But rocking for change in Belarus is a much more different venture than what the Plastic People of the Universe were trying to do. "It's a matter of time before Belarus changes," Pete said. "Maybe one day the state radio will play our songs." 

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AVIATION

Minsk to purchase new combat aircraft after 2010


Belarus will start purchasing new combat aircraft after 2010, a senior Air force officer said recently, New Europe reported.
Major-General, Mikhail Levitsky, the deputy commander of the Air Force and Air Defence, told journalists: "Modern aircraft have a service life of 25-30 years. After 2010, we shall start purchasing new warplanes. We are currently thinking about purchasing Russian-made aircraft and helicopters that can be modernised." Levitsky said it would be practical for Belarus to flu multi-functional Su-30 (Flanker) fighters.
"This is a reliable plane capable of providing air support and delivering strikes against various targets and troops and transport facilities deep in the enemy's defences," the general said. "It is two to three times more efficient in terms of combat power and combat use compared with Su-24M (NATO reporting name Fencer-D) and Su-25 (Frogfoot) planes." The Belarussian Air Force will operate Russian-made I1-76 (Candid) medium-range military transport aircraft until 2015," Levitsky added.
"After that, Belarus will purchase new modified transport planes in line with its state rearmament programme." Belarus intends to purchase I1-76MF planes instead of I1-76MD military transport aircraft. The I1-76MF has an extended cargo hold and increased fuel efficiency.
The aircraft is outfitted with a navigation system, which meets the requirements of the International Civil Aviation Organisation, Levitsky said. Belarus also intends to purchase An-74 (Coaler) military transport planes to replace An-26 (Curl) aircraft.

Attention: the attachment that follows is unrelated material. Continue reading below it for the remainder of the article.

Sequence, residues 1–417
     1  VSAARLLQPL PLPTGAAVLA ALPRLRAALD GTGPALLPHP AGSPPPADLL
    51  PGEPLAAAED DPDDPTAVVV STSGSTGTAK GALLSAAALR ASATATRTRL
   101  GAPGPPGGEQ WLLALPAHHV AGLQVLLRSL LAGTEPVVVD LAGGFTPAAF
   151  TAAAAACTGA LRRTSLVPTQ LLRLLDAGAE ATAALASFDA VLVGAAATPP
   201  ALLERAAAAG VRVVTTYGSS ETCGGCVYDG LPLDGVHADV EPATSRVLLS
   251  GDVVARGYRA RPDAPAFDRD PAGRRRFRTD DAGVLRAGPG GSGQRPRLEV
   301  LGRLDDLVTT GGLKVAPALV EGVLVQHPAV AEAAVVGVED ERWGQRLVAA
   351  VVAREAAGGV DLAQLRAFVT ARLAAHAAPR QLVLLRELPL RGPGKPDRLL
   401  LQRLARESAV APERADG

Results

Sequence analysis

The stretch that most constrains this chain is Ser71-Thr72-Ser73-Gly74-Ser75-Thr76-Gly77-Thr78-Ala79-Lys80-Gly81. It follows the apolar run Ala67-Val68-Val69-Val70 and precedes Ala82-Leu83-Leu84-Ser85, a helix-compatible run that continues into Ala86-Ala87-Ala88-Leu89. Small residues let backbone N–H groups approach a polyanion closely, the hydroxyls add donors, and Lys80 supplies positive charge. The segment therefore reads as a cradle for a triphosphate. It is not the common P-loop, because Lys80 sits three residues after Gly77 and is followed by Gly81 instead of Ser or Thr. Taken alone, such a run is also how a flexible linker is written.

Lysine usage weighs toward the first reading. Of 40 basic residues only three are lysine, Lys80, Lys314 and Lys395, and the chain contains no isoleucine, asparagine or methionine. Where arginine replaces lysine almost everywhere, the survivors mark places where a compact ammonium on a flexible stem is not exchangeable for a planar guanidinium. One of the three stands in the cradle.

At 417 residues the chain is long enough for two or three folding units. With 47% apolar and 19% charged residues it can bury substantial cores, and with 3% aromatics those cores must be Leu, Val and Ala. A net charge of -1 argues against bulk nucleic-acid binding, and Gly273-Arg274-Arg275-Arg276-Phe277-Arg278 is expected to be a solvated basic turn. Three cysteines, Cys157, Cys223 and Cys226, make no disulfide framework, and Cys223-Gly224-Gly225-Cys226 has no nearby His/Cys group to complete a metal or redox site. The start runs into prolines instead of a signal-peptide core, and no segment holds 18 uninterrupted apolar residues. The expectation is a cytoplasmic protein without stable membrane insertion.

The An-74 can carry five times more than the An-26. The Belarussian Air Force and Air Defence are also considering buying Russian-made Mi-28N multi-purpose attack plane.

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ENERGY

WSR to buy Nenetsko-Belarussky 

Sweden's West Siberian Resources (WSR) signed an agreement to acquire 100 per cent of OOO Nenetsko-Belarussky Oil Company, which owns exploration licences for sections close to the Srene-Kharyaga field, with potential reserves estimated at 116 million barrels, Interfax News Agency reported.
According to a WSR report, the deal cost US$5.2m, including existing debt of US$4.59m. Earlier the company agreed to acquire 100 per cent of OOO Nikoil, which owns 99.729 per cent of OAO Pechoraneft. This company owns a licence to explore and produce at the Srene-Kharyaga field in Timan-Pechora oil province. According to the report, WSR has already paid US$5m as an advance. 

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TELECOMMUNICATIONS

Siemens lands Belarus telco deal

Germany's Siemens is to supply high-speed GPRS (General Packet Radio Service) equipment for the large Belarussian operator SOOO Mobile TeleSystems, Interfax News Agency reported recently. 
As a result of the project, MTS subscribers in Belarus will receive full high-speed access to the internet, remote access to corporate networks, and the possibility of using mobile phones to transmit large volumes of information - video and musical recordings in real time. Belarussian-Russian joint limited company (SOOO) Mobile TeleSystems has provided GSM-900/1800 standard services in Belarus since June 27th, 2002. The company was founded by Beltelecom 51% and OAO Mobile TeleSystems - 49%. It currently has 1,700 active subscribers.